Raptor Camp 2014: Ten White Storks, sitting on a crane…

September 16, 2014 9:13 pm

1 White Stork shot dead this evening. 



Yesterday afternoon, ten White StorksCikonja Bajda in Maltese, were spotted by a Raptor Camp team flying over Comino, heading towards the mainland. 

Later that day, they were reported to have reached Marsa, and were perched on a crane. 

Jo B, one of our Raptor Camp volunteers was monitoring the storks throughout the evening. “My first sighting of White Storks has been incredible, particularly having seen them in an urban setting. But I felt a tinge of sadness, not knowing the level of danger they’re in. They’re such a majestic bird, I just hope they make it.”

9 of the birds proceeded to roost on the crane, whilst the whereabouts of the other was unknown. 

We sent a team out to the location to carry out an overnight watch, with the Committee Against Bird Slaughter (CABS) helping to monitor the storks throughout the evening and night. 

Whilst they were on the crane, local birdwatchers were able to get a closer look at they birds and discovered that 3 of the storks are ringed. The metal rings around the ankle of the bird provides data on where the bird has come from, allowing us to monitor the migration of the individual bird. The numbers on the rings indicated that the storks have arrived from Italy, having been ringed by the Bologna Ringing Scheme. We hope to soon receive more data on the history of the birds from our colleagues in Italy, allowing us to piece together the story of these birds.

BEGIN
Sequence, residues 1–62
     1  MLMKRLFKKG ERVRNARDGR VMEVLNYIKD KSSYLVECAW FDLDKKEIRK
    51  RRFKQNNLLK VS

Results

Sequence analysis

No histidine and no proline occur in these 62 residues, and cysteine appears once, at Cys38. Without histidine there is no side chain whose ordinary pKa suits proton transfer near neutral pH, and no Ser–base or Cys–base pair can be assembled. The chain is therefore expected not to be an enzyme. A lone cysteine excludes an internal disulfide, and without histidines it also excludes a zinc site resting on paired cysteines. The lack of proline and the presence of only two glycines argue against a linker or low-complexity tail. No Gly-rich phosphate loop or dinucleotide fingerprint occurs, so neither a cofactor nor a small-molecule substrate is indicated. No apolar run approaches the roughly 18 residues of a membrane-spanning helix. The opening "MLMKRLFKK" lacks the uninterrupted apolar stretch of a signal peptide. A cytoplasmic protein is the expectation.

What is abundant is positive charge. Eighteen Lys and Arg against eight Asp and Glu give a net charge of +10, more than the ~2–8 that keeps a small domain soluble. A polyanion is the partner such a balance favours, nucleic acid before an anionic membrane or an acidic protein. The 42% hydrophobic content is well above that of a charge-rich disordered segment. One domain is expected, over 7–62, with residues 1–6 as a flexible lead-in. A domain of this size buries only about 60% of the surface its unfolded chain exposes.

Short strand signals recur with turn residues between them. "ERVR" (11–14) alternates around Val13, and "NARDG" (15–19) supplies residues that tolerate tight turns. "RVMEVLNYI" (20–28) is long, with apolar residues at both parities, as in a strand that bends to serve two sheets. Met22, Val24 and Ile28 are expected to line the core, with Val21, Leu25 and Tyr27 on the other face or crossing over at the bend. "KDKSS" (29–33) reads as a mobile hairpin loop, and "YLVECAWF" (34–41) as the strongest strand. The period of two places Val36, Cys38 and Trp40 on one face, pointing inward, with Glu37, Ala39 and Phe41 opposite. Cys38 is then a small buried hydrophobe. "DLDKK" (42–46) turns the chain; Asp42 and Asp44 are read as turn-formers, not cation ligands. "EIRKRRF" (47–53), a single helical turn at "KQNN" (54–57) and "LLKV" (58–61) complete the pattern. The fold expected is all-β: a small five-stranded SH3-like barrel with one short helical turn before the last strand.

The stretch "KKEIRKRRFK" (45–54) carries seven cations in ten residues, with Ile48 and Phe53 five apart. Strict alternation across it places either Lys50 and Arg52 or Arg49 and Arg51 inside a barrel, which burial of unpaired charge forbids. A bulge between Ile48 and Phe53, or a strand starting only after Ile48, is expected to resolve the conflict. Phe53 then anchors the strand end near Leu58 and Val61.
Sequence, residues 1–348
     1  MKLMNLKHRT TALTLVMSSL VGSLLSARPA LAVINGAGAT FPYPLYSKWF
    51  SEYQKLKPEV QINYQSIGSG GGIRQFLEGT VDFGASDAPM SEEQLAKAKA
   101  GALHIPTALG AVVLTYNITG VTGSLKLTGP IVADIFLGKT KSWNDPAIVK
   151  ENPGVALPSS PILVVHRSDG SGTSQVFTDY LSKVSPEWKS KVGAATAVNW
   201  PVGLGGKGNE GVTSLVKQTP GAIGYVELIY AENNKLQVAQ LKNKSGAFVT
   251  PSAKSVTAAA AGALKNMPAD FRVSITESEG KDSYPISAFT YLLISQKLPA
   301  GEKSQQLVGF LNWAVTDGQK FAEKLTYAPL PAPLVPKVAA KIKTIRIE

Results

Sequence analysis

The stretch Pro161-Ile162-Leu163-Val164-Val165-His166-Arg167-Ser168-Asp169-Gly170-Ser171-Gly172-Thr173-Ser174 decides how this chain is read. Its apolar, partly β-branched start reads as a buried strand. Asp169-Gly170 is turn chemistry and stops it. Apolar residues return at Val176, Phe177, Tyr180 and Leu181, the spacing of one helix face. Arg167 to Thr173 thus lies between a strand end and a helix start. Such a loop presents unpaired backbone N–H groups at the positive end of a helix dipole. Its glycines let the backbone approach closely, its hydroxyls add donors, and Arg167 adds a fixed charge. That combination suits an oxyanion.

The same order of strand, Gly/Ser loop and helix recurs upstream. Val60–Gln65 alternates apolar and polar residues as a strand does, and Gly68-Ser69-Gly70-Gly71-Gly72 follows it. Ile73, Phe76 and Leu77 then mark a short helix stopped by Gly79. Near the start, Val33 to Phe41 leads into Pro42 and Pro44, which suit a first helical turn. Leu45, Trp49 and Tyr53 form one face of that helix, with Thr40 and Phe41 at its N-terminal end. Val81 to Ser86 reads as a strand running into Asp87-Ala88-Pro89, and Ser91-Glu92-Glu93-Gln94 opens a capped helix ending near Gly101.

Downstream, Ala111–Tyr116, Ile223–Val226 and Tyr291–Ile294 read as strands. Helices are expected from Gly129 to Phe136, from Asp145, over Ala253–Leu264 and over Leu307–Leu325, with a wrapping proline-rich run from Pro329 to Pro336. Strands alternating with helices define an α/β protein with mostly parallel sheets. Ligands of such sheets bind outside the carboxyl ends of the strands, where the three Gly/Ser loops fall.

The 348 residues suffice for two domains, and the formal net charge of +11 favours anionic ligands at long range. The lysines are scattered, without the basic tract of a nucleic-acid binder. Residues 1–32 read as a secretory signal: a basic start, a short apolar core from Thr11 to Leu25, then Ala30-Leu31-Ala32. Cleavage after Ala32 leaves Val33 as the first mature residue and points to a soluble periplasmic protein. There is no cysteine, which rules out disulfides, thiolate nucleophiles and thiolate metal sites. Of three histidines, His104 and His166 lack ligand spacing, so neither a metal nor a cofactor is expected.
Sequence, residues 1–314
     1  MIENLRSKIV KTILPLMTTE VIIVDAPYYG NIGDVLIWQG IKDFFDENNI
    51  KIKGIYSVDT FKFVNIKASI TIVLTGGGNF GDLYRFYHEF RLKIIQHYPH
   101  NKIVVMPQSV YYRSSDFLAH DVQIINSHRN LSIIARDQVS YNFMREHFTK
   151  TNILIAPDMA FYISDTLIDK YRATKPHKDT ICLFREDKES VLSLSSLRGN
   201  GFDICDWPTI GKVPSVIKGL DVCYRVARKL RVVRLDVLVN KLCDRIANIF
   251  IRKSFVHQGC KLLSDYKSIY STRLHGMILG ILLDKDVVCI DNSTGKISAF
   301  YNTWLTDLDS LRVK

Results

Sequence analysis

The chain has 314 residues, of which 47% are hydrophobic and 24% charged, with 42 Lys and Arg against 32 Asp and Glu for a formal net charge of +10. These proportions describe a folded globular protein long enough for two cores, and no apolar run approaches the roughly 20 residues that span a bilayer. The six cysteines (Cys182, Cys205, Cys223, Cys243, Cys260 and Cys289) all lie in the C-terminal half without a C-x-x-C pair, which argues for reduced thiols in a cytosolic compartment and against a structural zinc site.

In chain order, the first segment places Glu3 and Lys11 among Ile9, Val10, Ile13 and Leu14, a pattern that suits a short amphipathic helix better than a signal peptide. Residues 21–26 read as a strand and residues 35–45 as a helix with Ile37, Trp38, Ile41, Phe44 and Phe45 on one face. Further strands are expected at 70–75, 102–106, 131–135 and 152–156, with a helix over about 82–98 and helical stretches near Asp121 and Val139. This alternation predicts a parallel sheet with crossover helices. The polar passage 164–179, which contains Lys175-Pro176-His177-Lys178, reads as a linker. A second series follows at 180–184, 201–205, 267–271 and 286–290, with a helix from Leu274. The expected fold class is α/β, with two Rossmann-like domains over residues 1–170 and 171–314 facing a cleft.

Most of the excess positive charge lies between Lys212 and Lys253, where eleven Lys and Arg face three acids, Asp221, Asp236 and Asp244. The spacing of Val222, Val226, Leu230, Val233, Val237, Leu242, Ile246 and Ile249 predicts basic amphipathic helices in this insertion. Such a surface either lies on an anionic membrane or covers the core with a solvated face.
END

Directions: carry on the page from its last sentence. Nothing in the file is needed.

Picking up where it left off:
This morning all 10 rejoined, unharmed and after a quick pit stop on St Vincent De Paul residence for the elderly, they took to the skies, gaining height but still visible.  

With darkness now fallen, it is expected that the birds will stay until at least tomorrow. They are now roosting safely, but we are asking members of the public to keep an eye out for these rare, and enigmatic birds tomorrow. 3 protected bird species were shot down today alone, witnessed by CABS, so it is vital as many people as possible are looking out for their safety. With more eyes watching the sky, we can ensure they leave our island safely. 

To report a sighting of the storks, please contact BirdLife Malta on 21347646.  

Words by Holly Forsyth.
Photos by Nik Barbara and Nimrod Mifsud. 
Selection of videos by camp participants, edited by Ella Beeson.